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Consider the following:

typedef struct
  float m00, m01, m02, m03;
  float m10, m11, m12, m13;
  float m20, m21, m22, m23;
  float m30, m31, m32, m33;
} Matrix;

@interface TestClass : NSObject
  Matrix matrix;

- (TestClass *) init;

@implementation TestClass
- (TestClass *) init
  self = [super init];
  matrix = (Matrix) {1.0f, 0.0f, 0.0f, 0.0f, 0.0f, 1.0f, 0.0f, 0.0f, 0.0f, 0.0f, 1.0f, 0.0f, 0.0f, 0.0f, 0.0f, 1.0f};
  return self;

How to ensure that the 64 bytes allocated with the struct are properly released whenever the "matrix" variable is not relevant anymore (or whenever the whole object is released)?

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You may want to reword your question heading. –  lillq Jan 8 '09 at 23:09
The title makes perfect sense for me actually... –  Ariel Malka Jan 8 '09 at 23:16
You should say "instance variable" instead of "class variable" actually. –  Blaisorblade Jan 12 '09 at 1:59

3 Answers 3

up vote 6 down vote accepted

In this case matrix should be embedded in the struct that is generated by the ObjectiveC compiler for instances of TestClass. Its lifetime is bound to the instance of TestClass which it is part of, just like an int or float member would be.

You can easily test this, if you inspect the pointers.

TestClass* testAddress = [[TestClass alloc] init];
Matrix* matrixAddress = &(testAddress->matrix);

int rawTest = (int) testAddress;
int rawMatrix = (int) matrixAddress;
int memberOffset = rawMatrix - rawTest;

printf("%i", memberOffset);

I have no compiler here, but I guess it will just mumble some warnings about evil typecasts and generate the code anyways. The output should be constant, something like 4 or 8, depending on your target architecture.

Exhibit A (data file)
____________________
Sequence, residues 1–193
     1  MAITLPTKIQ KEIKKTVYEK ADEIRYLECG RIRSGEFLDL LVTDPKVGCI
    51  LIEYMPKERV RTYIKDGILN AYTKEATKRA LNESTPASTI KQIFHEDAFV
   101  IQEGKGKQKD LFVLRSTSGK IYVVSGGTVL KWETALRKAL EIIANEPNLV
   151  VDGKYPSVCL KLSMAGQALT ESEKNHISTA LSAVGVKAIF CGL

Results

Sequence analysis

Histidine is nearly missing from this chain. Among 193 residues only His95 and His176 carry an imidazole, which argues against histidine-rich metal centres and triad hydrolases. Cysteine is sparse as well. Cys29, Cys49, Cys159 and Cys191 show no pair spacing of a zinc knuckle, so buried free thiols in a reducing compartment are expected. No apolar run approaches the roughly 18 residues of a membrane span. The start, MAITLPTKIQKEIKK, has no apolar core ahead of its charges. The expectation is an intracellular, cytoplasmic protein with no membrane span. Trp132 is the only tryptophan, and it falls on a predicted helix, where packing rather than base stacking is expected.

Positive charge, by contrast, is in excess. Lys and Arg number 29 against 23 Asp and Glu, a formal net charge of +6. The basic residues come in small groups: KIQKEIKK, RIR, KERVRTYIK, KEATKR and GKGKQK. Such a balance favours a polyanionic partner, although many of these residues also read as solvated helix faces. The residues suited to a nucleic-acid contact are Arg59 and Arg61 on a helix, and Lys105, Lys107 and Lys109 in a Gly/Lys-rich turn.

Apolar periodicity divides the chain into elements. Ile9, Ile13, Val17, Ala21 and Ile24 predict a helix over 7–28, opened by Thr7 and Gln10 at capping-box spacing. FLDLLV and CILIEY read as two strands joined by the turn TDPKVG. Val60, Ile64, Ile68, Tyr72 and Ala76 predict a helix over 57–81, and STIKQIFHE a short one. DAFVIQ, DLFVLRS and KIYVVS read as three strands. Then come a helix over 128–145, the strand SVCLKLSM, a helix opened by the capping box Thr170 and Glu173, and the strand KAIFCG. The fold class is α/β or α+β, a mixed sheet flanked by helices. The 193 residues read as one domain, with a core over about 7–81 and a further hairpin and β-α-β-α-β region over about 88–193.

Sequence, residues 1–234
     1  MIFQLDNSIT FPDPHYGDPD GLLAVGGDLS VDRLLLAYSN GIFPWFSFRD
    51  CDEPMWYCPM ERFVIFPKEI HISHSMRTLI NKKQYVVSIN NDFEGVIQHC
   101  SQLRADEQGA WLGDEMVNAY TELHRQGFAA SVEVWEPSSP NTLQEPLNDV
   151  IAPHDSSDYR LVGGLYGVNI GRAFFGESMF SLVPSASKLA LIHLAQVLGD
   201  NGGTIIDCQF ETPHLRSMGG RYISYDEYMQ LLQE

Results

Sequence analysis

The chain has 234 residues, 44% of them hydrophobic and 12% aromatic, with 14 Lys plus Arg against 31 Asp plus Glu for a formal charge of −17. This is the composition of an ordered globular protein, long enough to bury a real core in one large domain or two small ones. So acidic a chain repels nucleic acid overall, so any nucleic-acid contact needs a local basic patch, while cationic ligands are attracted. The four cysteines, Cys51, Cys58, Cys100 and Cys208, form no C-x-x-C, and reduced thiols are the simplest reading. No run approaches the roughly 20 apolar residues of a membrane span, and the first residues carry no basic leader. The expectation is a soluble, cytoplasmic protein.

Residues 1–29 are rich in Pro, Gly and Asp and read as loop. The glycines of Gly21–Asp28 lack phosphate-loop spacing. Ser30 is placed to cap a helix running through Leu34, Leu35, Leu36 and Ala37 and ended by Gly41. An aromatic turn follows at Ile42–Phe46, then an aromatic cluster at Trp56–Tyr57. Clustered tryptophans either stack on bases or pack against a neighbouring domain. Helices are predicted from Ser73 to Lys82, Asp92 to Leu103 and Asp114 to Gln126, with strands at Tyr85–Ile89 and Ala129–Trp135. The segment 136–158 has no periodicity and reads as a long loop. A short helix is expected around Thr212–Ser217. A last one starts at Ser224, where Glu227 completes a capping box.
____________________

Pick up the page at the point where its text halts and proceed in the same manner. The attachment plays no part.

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Bingo! (a struct inside a struct does make sense for me now...) –  Ariel Malka Jan 8 '09 at 23:19

In this case, there's absolutely nothing that you have to do to the structure to get free its memory when the object containing it is deallocated. The memory for the structure is inline in the object.

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As an aside, the Core Animation struct CATransform3D has the same internal structure as your matrix:

struct CATransform3D
   CGFloat m11, m12, m13, m14;
   CGFloat m21, m22, m23, m24;
   CGFloat m31, m32, m33, m34;
   CGFloat m41, m42, m43, m44;

Instead of defining a custom type, you may wish to use this one that Apple provides. Apple also provides some very handy functions for manipulating these matrices.

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Good to know but the matrix functions I'm planning to use are more adapted in the context of OpenGL ES on the IPhone... –  Ariel Malka Jan 9 '09 at 7:38
Core Animation is backed by OpenGL, so I believe the matrix manipulation functions like CATransform3DRotate map directly to the equivalent OpenGL model view matrix operations. –  Brad Larson Jan 9 '09 at 18:09
OpenGL ES means no "direct mode" vertex manipulation, so you end-up being the one transforming the vertice (OpenGL matrix operations can't help here) and in such case: you need optimized matrix maths functions -- e.g. rotateX(angle) -- that usually are not available in standard libraries... –  Ariel Malka Jan 9 '09 at 23:13

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